To add to my situation there is the fact that despite The Boy now being 15 months old, I’m still not back to ‘normal’ as far as my lady bits go. Speaking anonymously I feel I can be more honest about this than if you all knew who I am, but basically the delivery was not straightforward and I was badly damaged, requiring a lot of stitches following delivery, which now I’m not convinced were either done properly or have healed properly. I still have a lot of pain during intercourse, so that only happens once in a blue moon and usually after I’ve consumed a fair amount of vodka; Going to the toilet is still painful and afterwards it can take up to two hours for that pain to subside again. (Yes, I will be speaking to my GP about it shortly as I realise this is not normal!) So on the face of it while TTC should be easy, actually it won’t be – not just because the sex itself is so painful, but because I really don’t want to risk another delivery like that and having another couple of years of pain like the last 15 months have been. I’ve spoken to my GP already and told him I want an elective C-section next time – he said “It would mean you’re off your feet and unable to drive for 6 weeks”: That happened last time, anyway. He said, “There’s no way of knowing whether the next delivery would be problematic”: But you can’t guarantee it won’t be. After The Boy’s delivery, initially my biggest concern was him – there was meconium in my waters, he’d gotten stuck and distressed, his heart rate went from sky high to dropping through the floor low, and when he was first out he didn’t cry. Oblivious to the team of medical staff fussing around me, and the blood loss I was experiencing, my only concern was for him, and whether he was OK. Thankfully despite our initial trauma, he was absolutely fine. It was only afterwards when I read my medical notes did I realise how close a call it was for both of us, not just him. My poor OH could have literally been left holding the baby, or worst case scenario he could have left the hospital that night without a wife or a baby, but thanks to the attention of the maternity team at a hospital which has been knocked a lot for it’s maternity department, we were both still around the next day. It isn’t that I expect a second delivery to be so traumatic, or that I expect there to be problems, but I would rather have an elective C-section and have baby safely delivered in a calm, organised environment and also so that I’m in total control and have made the decision, it happens, all is good. I lost control in my first labour, things happened that were unplanned and hadn’t even been thought of as my pregnancy had been so textbook straightforward, and until the point of The Boy getting stuck the labour was going brilliantly too.

There’s also the fact that I don’t want another baby yet. Don’t get me wrong, I’d love Baby Two to join our family one day, but just not yet. I’m still enjoying my relatively new status as ‘Mummy’ to The Boy: Never again will I have this chance to enjoy him at this age, and I don’t want it hampered by morning sickness, me becoming distracted by ‘The Baby’ and him missing out on special time with me. I understand some ladies choose to have their babies very close in age – one of my high school friends has two boys just under a year apart, as she was pregnant within three months of the first baby being born – but that isn’t for me. The Boy is a whirling dervish of excitement and curiosity and I don’t know that I’d be able to keep up with him at the moment if I was heavily pregnant. I’d rather wait a while, maybe til he’s two or three, before I start TTC again, and that way at least I’d get a few hours every so often during the week where he attends nursery and I can have a nap, or go baby shopping, or decorate the nursery, or just put my swollen ankles in a cool footbath for an hour or so!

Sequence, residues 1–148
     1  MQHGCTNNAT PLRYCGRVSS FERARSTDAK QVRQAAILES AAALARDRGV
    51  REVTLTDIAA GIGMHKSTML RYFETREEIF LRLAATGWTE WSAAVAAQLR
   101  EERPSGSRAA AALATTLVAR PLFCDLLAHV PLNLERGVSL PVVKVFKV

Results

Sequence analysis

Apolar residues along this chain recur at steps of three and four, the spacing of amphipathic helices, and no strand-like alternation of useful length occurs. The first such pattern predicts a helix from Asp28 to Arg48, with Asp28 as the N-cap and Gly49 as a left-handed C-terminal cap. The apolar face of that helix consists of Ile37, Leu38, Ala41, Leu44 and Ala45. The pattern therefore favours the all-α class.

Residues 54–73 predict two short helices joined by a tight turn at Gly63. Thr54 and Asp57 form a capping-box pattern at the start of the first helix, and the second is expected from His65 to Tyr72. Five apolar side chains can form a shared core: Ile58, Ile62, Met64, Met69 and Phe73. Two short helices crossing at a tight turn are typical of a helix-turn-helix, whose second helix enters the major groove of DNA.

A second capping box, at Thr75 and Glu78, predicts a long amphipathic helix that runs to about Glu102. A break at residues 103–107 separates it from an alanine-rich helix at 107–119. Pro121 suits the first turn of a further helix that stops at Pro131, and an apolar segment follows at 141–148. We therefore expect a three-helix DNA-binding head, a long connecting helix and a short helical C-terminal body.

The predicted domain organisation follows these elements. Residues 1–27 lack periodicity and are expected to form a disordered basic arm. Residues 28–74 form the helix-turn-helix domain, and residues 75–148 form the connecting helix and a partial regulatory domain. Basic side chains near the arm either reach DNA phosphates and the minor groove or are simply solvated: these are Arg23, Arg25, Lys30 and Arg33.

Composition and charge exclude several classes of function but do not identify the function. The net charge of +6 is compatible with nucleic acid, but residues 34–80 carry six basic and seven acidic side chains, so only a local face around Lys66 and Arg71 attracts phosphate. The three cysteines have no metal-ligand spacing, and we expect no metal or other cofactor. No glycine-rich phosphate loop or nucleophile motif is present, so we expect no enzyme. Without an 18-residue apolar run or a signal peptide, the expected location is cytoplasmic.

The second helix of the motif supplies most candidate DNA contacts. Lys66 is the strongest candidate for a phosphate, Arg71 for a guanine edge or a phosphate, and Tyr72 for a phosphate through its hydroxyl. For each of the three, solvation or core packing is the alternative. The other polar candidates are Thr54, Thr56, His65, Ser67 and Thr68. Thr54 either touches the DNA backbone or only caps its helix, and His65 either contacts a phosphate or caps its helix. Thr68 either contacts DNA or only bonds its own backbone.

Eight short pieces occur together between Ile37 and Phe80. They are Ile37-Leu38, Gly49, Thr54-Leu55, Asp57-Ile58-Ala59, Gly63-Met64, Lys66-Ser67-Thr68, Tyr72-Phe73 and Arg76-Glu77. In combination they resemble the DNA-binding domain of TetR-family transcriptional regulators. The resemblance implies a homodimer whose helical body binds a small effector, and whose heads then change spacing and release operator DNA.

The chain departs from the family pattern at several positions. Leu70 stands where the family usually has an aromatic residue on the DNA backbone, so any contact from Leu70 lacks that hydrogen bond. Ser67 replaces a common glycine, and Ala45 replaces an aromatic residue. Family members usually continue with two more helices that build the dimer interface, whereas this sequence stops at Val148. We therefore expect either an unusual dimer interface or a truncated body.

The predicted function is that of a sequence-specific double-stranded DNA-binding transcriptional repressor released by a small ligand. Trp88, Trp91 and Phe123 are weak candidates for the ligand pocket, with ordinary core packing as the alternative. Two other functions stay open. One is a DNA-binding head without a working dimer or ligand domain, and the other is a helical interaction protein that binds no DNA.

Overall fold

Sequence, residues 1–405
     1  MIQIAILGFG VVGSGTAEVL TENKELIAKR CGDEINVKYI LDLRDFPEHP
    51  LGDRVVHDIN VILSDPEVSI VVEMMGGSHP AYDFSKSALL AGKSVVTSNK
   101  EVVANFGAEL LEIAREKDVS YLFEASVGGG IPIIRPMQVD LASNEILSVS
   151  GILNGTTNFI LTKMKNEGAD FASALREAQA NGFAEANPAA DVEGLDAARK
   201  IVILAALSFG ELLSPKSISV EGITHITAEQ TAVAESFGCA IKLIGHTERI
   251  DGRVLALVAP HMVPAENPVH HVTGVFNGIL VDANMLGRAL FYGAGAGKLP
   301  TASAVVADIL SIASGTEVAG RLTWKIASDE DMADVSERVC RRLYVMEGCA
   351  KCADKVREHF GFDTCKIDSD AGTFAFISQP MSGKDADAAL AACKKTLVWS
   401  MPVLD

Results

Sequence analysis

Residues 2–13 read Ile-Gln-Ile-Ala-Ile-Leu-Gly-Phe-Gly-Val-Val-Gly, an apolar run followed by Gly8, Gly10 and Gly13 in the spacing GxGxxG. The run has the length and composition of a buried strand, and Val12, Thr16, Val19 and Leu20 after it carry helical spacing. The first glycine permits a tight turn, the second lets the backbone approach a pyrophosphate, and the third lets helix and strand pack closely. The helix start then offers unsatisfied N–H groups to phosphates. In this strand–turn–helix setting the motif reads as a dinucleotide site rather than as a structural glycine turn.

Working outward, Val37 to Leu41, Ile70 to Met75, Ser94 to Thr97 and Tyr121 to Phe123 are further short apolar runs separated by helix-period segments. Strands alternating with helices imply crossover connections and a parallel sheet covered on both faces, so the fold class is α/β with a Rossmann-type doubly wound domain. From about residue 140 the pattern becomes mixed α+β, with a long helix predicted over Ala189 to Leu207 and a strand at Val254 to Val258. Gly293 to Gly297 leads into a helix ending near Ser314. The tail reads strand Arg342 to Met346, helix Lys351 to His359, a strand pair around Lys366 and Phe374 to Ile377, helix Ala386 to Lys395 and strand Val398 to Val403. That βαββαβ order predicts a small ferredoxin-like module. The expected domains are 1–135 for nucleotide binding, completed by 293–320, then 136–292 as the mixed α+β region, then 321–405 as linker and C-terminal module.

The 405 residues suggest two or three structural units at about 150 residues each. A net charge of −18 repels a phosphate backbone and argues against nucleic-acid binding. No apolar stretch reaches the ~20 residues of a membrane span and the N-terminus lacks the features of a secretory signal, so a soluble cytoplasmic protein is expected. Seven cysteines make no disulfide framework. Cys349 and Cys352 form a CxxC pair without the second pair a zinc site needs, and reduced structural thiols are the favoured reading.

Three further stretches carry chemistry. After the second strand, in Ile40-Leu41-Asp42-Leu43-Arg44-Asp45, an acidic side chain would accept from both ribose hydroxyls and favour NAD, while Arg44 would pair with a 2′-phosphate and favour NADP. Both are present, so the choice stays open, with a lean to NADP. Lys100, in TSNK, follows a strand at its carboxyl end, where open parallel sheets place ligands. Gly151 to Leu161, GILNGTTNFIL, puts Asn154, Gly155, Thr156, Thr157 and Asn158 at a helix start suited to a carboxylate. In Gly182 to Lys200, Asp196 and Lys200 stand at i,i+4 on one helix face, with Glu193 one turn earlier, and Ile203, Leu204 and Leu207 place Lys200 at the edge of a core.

The Hubby is, as always, understanding of my point of view – after all, as he said, it’s me that’s at home with The Boy and not him, he gets to escape out to work every day – though we have had the chat about Baby Two and he has said that he is ready when I am. I know he’d dearly love for Baby Two to be a girl, and neither of us want a massive gap between The Boy and his younger sibling, so it isn’t something I’m putting off forever, just for now.

So next time you’re chatting to a family member, or friend, or even a work colleague, and that question pops into your mind, I recommend you don’t ask – for all you know she’s already in the process and it could be the sort of conversation she really doesn’t want to have. If you’re close, chances are she’ll speak to you about it sooner or later anyway: But please don’t pressure her. She’s already got enough on her mind.